"He possibly could have done things a lot easier and come over the fence and had a chat and have a beer and maybe sorted it out a little bit different."

Mr Baxter's wife, Zanthe said, "I'm sad that something so small, some canola, has wrecked the community of Kojonup."

Mr Marsh's mother did not mince words, "I've looked on Michael as another son of mine and I find this very, very difficult."

GM approval causes controversy across Australia

Controversy has raged in Australia since 2003, when the Office of the Gene Technology Regulator approved the use of Monsanto's GM canola, known as Roundup Ready.

By this stage the Marshes were well on their way to gaining organic certification through the National Association for Sustainable Agriculture Australia (NASAA).

Certification meant they could sell the oats they were growing for a bakery in Fremantle as organic and get a higher price.

The NASAA certification also meant they had to be sure there were no chemical, artificial fertilisers or genetically modified organisms in their produce or on their land.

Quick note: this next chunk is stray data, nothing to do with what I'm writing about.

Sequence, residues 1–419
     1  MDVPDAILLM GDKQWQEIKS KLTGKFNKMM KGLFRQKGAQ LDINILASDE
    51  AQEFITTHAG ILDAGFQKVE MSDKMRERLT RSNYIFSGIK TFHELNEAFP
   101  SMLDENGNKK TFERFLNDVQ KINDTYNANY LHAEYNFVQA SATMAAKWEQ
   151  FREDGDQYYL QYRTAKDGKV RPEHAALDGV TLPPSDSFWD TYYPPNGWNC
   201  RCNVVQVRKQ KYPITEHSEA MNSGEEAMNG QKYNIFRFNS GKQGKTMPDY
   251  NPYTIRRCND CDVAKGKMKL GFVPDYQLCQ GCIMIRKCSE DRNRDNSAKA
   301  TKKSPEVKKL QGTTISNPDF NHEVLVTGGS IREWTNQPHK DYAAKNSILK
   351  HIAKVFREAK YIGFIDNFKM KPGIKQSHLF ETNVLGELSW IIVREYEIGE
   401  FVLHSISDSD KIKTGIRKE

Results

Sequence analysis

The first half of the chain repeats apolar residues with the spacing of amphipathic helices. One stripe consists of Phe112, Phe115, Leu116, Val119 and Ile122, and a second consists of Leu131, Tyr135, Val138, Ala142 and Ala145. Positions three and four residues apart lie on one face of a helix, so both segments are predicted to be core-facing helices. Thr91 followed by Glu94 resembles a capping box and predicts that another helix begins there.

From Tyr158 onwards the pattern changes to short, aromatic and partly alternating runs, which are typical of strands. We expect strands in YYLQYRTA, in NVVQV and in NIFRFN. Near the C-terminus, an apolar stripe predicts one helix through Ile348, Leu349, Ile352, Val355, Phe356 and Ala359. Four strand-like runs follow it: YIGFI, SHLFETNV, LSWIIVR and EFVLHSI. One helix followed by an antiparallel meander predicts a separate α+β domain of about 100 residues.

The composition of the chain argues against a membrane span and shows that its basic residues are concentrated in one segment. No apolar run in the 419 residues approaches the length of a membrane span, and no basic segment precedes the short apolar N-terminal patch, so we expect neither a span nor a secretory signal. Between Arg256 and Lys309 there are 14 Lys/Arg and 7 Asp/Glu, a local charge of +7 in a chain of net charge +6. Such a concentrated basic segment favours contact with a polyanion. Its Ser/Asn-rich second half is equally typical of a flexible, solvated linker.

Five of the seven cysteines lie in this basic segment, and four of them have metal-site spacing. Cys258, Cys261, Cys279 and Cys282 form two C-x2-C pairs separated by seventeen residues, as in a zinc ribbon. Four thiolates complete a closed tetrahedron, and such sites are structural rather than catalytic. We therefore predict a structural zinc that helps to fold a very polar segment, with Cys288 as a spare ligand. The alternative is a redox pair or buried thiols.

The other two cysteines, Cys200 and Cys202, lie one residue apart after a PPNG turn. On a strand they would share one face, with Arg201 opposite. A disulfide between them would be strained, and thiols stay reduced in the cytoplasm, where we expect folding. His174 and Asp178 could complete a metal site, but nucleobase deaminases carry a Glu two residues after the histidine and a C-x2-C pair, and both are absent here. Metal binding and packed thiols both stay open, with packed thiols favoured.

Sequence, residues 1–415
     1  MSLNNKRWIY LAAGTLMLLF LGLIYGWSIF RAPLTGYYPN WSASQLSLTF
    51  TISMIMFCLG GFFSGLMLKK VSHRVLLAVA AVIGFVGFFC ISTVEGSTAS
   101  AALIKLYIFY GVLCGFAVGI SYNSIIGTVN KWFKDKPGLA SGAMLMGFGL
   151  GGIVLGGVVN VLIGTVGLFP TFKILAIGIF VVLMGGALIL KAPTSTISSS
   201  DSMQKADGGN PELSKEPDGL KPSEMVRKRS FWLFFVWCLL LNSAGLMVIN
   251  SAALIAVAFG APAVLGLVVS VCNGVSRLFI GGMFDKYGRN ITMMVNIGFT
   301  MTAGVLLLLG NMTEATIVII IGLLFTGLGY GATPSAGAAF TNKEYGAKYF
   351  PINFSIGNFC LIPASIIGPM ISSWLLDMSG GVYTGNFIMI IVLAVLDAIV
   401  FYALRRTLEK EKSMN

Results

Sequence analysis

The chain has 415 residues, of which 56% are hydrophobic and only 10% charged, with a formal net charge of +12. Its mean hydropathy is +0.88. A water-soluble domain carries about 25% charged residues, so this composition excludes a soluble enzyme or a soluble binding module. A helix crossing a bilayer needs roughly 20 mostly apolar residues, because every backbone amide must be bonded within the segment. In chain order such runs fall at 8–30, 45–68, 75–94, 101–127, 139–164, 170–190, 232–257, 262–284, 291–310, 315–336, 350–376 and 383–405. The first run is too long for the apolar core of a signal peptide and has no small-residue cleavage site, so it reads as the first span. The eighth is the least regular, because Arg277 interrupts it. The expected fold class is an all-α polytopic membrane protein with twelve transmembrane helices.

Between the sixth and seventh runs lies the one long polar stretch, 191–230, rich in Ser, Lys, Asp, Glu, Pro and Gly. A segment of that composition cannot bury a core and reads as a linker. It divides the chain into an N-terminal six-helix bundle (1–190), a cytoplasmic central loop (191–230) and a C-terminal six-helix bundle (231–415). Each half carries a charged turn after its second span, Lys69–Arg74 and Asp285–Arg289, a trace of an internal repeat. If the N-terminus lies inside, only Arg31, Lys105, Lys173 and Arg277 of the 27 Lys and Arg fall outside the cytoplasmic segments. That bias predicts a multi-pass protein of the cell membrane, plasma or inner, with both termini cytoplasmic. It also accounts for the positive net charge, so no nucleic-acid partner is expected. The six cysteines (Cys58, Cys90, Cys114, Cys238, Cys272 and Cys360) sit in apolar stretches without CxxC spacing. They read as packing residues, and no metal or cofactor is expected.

The Marshes were relieved when the WA government introduced legislation prohibiting the growing of GM canola and cotton.

"It appeared that a lot of countries overseas were chasing non-GM and we believe that Western Australia was sitting at a prime position because it was separated from the rest of Australia and could remain GM free," Mr Marsh's wife Sue said.

"And we would benefit from the fact that it appears that a lot of markets were chasing GM free grains and produce."

In 2008 Victoria and NSW allowed commercial cropping of GM canola.

When the Coalition won the 2008 West Australian election it promised to consider trialling the crop.

Mr Marsh started investigating how he could protect his income and the market he had helped to establish for organic oats if WA lifted its ban.

"My concern was what would happen if a farmer got contaminated and what would his liabilities be down the track," he said.

"You couldn't insure against GM canola. The insurance companies that we went and saw deemed that it was inevitable."

Marsh sends warning to neighbours, brother

When non-GM seed from Mr Baxter's property Seven Oakes germinated on Eaglerest in 2008, Mr Marsh's concerns grew.

He took the "volunteer" crop to his neighbour to show him how easily seed spread and to explain the consequences of such an incursion if Mr Baxter were to grow GM canola in the future.

"He said, 'if this [GM canola] ever ends up on my property ... there's a fair chance you and me will end up in court because organic farms aren't allowed any GM'," Mr Baxter told Australian Story.